We’ve got in-house copywriters. Why would we need a journalist to write our PR stories?
It’s a question numerous clients have asked us, often at the start of our relationship, and one we’re always happy to answer.
When creating copy for owned media, it clearly makes sense to turn to in-house copywriters. They know the business inside out, they’re intimate with your marketing messaging and house style (or at least they should be, they came up with it), and even better, they’re already on the payroll. You hired them for their experience and skill in crafting copy, so it makes perfect sense to assign all your writing to them…including authoring PR output. Right?
A golden value exchange
Well, not exactly. Writing for earned media is a very different beast to copywriting. Creating thought leadership that people want to read, and top-tier trade and business press editors want to publish, is a very specific challenge. Strong articles that effectively draw out thinking and expertise require planning and deep digging. And every piece generated must align with your specific PR objectives, otherwise – well, why are you saying it?
Your audience is time poor, generally racing at a million miles an hour to service clients (you know this, because you’re doing the same for yours). A clear value exchange is the only way to earn their precious time and attention. In a TL;DR* era, and in fact in every era, everything you put out should offer your reader a gift. That might be a bold new opinion, or valuable learnings from recent work with a killer brand – always being mindful that even the punchiest advice can fail to land if it isn’t also a joy to read.
The perfect synergy
There is great value in having your PR story ideas generated, written, and presented to the media by one multi-skilled, collaborative team. This alchemy generates stories that strike gold both with editors at top-tier titles and the audiences that read them.
Relationship curation is a big part of this: the synergy between editorial consultants, account teams, and their key journalist contacts grows over time, like a well-nurtured house plant. (To continue the metaphor, the occasional burst of watering doesn’t work. Effective relationships grow from a consistent drip feed of all the right ingredients, including spontaneous sharing of ideas across desks).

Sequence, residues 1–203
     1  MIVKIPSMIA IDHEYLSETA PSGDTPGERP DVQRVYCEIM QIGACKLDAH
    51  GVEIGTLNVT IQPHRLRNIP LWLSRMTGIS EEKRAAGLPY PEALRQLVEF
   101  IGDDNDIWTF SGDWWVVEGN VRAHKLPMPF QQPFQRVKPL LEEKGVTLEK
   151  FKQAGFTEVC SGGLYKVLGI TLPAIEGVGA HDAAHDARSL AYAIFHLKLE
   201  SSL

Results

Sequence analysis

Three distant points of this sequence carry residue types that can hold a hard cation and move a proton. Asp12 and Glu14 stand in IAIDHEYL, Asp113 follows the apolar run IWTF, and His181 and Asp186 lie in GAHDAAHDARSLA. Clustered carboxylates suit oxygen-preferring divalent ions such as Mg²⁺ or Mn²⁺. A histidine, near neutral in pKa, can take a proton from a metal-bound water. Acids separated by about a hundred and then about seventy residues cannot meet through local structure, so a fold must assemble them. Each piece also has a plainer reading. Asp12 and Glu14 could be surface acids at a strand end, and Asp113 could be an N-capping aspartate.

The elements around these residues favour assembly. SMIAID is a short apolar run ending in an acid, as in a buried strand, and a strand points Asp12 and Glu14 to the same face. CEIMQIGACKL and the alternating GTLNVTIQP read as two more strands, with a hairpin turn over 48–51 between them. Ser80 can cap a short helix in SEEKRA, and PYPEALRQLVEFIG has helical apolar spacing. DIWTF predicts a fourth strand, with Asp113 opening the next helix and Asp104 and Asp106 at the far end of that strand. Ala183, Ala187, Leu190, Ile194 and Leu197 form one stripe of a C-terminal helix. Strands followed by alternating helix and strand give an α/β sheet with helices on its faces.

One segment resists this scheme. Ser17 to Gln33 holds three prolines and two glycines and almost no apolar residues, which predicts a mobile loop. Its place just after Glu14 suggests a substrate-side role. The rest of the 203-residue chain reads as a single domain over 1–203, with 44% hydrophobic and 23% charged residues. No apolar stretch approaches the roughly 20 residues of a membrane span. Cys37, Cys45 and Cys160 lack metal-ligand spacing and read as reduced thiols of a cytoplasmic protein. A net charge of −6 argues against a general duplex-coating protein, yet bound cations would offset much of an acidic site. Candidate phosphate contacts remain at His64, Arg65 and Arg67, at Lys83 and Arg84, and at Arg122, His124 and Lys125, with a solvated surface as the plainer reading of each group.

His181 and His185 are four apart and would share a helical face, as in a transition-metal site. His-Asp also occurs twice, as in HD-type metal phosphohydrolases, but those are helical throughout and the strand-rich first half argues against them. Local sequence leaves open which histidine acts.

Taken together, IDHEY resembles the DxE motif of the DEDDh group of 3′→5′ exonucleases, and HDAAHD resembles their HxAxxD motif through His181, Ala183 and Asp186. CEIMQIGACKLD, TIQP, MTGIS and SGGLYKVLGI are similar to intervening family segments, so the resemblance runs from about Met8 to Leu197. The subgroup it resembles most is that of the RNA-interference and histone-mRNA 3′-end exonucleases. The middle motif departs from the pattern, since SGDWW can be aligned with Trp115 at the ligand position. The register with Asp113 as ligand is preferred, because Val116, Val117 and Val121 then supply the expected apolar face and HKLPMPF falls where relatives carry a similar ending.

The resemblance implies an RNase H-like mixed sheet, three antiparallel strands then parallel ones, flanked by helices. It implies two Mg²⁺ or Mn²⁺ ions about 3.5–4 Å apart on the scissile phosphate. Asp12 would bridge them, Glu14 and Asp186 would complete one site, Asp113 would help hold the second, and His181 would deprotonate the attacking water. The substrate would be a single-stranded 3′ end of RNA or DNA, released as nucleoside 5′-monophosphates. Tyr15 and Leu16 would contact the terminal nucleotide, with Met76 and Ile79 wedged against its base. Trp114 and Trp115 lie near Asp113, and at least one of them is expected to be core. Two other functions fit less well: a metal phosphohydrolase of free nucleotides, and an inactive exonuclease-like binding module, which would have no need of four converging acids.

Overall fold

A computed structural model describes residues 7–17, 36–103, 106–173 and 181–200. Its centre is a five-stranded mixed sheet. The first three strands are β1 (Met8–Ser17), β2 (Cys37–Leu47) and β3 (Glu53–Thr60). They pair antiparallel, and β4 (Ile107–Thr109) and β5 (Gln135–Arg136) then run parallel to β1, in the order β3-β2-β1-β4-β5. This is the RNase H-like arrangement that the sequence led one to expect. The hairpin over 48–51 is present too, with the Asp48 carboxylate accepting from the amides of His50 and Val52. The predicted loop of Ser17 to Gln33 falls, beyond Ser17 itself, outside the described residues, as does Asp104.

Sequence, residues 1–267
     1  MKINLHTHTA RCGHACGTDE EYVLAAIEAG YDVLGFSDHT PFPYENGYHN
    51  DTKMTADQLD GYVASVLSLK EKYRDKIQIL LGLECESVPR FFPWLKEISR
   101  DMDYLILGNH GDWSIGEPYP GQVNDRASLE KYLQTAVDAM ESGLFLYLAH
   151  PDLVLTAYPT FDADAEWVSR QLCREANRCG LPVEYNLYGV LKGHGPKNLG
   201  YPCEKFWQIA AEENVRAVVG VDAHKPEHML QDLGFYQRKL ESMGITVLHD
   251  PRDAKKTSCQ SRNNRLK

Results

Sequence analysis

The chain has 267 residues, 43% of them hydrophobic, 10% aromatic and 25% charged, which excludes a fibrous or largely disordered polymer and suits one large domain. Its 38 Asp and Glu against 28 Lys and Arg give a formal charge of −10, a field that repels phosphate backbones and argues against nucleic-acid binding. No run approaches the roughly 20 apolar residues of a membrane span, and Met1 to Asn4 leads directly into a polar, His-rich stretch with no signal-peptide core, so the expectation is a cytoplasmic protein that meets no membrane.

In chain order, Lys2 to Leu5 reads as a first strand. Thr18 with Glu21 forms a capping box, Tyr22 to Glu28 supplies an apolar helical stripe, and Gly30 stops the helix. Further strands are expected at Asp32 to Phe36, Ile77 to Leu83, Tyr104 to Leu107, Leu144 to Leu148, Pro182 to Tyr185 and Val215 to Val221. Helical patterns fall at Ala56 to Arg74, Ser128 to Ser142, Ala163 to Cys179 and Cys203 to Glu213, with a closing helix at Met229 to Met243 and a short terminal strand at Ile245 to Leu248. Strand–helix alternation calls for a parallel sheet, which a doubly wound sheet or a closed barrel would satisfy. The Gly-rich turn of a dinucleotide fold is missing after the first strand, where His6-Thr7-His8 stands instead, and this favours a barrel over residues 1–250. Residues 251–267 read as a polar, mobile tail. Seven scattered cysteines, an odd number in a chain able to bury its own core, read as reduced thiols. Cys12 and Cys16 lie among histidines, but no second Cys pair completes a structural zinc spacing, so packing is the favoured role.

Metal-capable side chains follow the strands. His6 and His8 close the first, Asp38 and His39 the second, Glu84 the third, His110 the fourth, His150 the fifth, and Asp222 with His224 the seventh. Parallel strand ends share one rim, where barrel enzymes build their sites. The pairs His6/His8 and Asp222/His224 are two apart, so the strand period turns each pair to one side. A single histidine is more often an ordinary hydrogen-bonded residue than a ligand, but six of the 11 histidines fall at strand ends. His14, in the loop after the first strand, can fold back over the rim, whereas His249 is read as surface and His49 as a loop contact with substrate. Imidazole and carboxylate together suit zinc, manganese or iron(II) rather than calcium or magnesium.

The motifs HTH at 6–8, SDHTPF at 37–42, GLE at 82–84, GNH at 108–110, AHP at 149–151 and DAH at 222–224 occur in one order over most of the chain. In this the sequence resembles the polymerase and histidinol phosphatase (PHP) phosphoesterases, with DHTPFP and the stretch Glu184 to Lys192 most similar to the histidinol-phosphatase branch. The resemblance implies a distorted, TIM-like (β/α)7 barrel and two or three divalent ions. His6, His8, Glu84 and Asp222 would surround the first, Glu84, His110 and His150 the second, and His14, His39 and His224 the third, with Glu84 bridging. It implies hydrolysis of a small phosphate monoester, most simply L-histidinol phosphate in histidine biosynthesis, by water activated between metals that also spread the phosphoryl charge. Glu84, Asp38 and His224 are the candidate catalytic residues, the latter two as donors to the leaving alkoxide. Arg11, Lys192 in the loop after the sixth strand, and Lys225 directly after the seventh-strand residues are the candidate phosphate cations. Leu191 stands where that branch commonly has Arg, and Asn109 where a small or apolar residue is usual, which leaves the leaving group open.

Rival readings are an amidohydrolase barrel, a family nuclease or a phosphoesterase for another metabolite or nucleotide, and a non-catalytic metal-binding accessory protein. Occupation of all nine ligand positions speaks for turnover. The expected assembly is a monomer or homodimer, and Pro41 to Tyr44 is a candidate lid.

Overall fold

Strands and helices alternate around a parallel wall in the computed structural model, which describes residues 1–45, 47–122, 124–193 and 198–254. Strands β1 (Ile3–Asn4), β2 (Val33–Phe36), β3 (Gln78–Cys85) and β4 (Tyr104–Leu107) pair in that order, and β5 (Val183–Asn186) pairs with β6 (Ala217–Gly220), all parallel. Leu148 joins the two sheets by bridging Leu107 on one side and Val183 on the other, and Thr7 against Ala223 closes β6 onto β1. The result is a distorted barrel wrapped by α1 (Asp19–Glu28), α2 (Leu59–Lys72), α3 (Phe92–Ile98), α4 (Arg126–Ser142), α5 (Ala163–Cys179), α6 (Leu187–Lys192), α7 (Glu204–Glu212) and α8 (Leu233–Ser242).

There’s a reason why so many writers make the move to the dark side, otherwise known as transitioning from journalism to PR, and in my case to an Editorial Consultant role at a proudly specialist brand design-focused agency. Yes, PR generally pays better, but much more importantly for anyone who wants long-term career satisfaction, it scratches the itch that every journalist worth their press card has. We love to unearth stories. It’s because we have unquenchable curiosity. We’re genuinely very, very interested in people and what they do and want to reflect what we discover back to the world in ways that inform, provoke, and entertain.
This – coupled with media-side experience – helps journalists ask the incisive questions that draw out the golden nuggets in people’s thinking, then shape them into well-structured stories.
A craft and a science
At Red Setter, our story development process has been painstakingly developed and refined over the best part of a decade, paying close attention to what does (and doesn’t) land well with audiences and media.
When I joined the agency in October, I was struck by the level of care and detail that has gone into constructing every stage of this well-structured process. From the strategic alignment of stories with PR messages at the initial strategy and immersion phase and the carefully considered questions we ask clients at monthly story scoping sessions, to the continuous collaboration between the writers and account experts who make up our teams – there’s a craft and a science behind getting the right stories published in the right creative titles and gold standard business media.
An eagle-eye view
Working with a journalist-turned-editorial consultant brings all-important objectivity to your media output. Your time, and that of your team, is quite rightly spent servicing clients and honing your own business brand. Turning to external writers helps you tap into the wider zeitgeist and stay attuned to cultural trends. They’ll bring an eagle-eye view of your industry and experience in how to differentiate your voice from competitors’, particularly if they specialise in the niche vertical you work in.
But the only way you’ll know if it’s worth investing in a PR agency for writing is by monitoring the results of coverage. The right PR agency will also help you consistently measure and amplify your placements so every piece of writing delivered creates the desired impact at your business.
(Ed: *Too long, didn't read 😉)